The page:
His role is largely assumed, though not yet even determined, but third-year Pittsburgh Steelers nose tackle Daniel McCullers is hungry to take the presumed next step in replacing the departed Steve McLendon as the team’s starting nose tackle, even if it is a role that has diminished behind the prevalence of the nickel defense.
Still, he is excited about the opportunities that defensive coordinator Keith Butler’s defense could offer, in contrast to the more traditional role that he was asked to play by Dick LeBeau, the architect of the defense that the Steelers have run for the bulk of the past two decades.
LeBeau was the Steelers’ defensive coordinator for many years, and his final season in Pittsburgh was McCullers’ rookie season, when he came in as a sixth-round draft pick who was outright described using terms such as “size prospect” and “an obstruction”. Those phrases alone should give a fair indication of how LeBeau was looking at the 6’7”, 350-plus-pounder.
“It was much more stand on the guy and let the linebackers make the plays”, the third-year defensive lineman said about his experiences during his rookie season playing under LeBeau. McCullers was essentially the third-string nose tackle that season, but logged a few dozen snaps on defense that year.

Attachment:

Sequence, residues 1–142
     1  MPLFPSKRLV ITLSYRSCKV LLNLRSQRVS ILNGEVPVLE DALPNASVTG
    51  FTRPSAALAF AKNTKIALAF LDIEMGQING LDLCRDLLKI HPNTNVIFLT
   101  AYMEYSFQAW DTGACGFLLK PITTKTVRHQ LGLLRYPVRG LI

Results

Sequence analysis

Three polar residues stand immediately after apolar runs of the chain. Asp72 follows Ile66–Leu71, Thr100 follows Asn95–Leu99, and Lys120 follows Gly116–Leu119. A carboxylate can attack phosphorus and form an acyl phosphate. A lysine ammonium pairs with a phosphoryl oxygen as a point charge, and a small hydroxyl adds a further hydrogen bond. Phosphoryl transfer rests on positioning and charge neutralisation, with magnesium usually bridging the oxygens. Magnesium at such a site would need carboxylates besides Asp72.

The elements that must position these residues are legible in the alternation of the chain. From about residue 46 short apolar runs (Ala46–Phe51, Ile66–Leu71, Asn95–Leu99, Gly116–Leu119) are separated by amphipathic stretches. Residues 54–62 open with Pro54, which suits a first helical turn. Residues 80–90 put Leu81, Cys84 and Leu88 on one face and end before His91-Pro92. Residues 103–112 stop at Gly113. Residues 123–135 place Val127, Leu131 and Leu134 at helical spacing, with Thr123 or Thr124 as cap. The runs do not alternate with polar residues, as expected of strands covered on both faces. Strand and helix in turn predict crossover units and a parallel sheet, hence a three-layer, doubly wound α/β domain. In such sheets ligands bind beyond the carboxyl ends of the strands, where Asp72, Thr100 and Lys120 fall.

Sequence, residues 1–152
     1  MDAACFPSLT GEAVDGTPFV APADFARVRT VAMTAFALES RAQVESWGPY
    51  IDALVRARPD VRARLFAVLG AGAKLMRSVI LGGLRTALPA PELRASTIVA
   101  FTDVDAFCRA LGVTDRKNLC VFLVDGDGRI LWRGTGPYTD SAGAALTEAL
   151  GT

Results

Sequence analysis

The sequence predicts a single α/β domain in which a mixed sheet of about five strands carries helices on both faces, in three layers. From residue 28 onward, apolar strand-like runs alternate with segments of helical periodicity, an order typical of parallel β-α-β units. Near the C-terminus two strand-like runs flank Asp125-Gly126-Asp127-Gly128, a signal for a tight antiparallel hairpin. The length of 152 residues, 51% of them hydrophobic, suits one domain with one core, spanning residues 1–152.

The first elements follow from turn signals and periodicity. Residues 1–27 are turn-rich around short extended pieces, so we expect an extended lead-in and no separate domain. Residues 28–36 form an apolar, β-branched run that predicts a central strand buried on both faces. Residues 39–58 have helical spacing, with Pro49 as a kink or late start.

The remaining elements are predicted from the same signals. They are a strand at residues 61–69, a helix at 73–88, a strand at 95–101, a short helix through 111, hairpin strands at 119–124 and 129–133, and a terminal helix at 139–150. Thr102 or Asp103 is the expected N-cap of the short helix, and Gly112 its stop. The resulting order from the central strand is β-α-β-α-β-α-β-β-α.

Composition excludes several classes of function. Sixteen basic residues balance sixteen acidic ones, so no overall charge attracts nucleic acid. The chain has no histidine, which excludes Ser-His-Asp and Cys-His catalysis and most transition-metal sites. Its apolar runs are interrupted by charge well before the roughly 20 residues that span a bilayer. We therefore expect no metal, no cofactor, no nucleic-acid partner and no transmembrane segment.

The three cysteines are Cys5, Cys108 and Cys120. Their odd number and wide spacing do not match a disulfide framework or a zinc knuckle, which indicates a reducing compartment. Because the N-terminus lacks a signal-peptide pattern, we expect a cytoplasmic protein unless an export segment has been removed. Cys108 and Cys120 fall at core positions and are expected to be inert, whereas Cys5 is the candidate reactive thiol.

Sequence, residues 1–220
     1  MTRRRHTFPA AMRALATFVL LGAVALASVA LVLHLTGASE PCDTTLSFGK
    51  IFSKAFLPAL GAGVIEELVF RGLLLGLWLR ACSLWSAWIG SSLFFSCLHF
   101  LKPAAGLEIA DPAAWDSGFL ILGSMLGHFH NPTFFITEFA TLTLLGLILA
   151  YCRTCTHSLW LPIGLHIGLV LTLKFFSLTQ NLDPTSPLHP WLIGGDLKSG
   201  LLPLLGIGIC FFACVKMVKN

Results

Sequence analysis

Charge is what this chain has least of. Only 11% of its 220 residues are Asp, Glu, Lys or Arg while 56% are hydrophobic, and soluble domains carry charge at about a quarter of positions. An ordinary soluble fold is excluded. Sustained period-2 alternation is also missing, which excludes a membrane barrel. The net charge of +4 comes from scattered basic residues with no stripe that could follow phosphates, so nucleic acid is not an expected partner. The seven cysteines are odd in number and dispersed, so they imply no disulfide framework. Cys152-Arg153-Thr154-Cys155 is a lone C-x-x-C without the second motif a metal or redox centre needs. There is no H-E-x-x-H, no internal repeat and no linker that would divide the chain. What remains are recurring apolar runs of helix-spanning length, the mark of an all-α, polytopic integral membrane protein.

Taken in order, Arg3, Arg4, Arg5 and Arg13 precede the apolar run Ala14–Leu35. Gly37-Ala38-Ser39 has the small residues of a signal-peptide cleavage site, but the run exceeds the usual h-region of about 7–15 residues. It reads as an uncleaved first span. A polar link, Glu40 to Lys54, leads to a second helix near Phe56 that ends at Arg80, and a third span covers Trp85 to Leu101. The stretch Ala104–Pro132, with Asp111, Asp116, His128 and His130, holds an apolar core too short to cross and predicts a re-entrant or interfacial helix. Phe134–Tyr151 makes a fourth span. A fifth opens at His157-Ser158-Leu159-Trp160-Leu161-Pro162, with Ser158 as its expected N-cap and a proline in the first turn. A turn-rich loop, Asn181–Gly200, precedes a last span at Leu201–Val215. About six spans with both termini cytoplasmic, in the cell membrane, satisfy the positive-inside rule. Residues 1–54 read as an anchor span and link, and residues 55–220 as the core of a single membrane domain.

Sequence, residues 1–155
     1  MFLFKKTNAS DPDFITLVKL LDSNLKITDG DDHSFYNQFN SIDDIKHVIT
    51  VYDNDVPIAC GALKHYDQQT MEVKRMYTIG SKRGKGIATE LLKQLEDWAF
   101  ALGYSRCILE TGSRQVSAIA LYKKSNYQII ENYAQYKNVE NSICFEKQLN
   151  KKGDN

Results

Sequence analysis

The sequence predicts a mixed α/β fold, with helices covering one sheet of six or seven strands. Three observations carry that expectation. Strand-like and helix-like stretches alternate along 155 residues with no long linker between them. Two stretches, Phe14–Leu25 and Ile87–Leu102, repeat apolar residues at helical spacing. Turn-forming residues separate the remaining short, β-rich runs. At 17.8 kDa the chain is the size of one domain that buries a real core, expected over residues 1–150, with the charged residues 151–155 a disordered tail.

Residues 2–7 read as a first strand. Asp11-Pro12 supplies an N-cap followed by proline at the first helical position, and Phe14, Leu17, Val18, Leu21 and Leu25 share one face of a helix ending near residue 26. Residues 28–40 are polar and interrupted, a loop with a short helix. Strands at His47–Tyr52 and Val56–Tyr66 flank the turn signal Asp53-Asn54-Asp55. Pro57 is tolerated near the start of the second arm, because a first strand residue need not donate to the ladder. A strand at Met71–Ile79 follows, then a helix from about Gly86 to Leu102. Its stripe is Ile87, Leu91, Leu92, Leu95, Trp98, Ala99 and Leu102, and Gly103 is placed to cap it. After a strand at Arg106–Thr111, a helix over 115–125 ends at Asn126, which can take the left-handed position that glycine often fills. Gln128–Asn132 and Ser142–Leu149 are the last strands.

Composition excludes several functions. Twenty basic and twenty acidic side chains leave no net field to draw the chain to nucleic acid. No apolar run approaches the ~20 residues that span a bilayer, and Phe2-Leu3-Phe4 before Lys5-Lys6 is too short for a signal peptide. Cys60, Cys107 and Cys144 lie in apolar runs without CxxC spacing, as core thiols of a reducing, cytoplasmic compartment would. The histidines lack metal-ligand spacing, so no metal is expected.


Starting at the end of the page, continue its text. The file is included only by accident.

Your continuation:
In contrast, he said, “Coach Butler is much more get up the field play that Falcon, the three-techs and even the nose get up the field”, the quotes coming courtesy of Jacob Klinger for Penn Live.
“So”, said McCullers, “we got a lot more chances to make plays”, which has not exactly been the territory of the nose tackle in the Steelers’ 3-4 base defense, nor in most 3-4 defenses around the league. It is a defense that is primarily set up to allow the linebackers to make the plays, as he noted, and that is how LeBeau ran it, but changes in offensive strategies call for adaptations.
What will remain to be seen is just how often he will be given those “chances to make plays” because, as stated before, the Steelers play primarily in their nickel defense with two down linemen, the nose tackle coming off the field. They play without a nose tackle about 70 percent of the time, leaving just 30 percent of snaps for McCullers.
That is unless he actually sees some meaningful snaps as one of the two down linemen in the nickel in order to spell the team’s defensive ends, which is a role that rookie third-round defensive tackle Javon Hargrave was drafted in part to fulfill. McCullers, by the way, appreciates Hargrave’s ability to draw some of the ire of John Mitchell so that it is less frequently directed at him.
The third-year lineman’s ability to make an impact was severely impaired when he suffered an ankle injury in the second game of the season that sidelined him for four games. He also dealt with a shoulder injury that he had surgery on this offseason. But there should be no obstacles in his way in 2016, provided that he holds off his rookie understudy.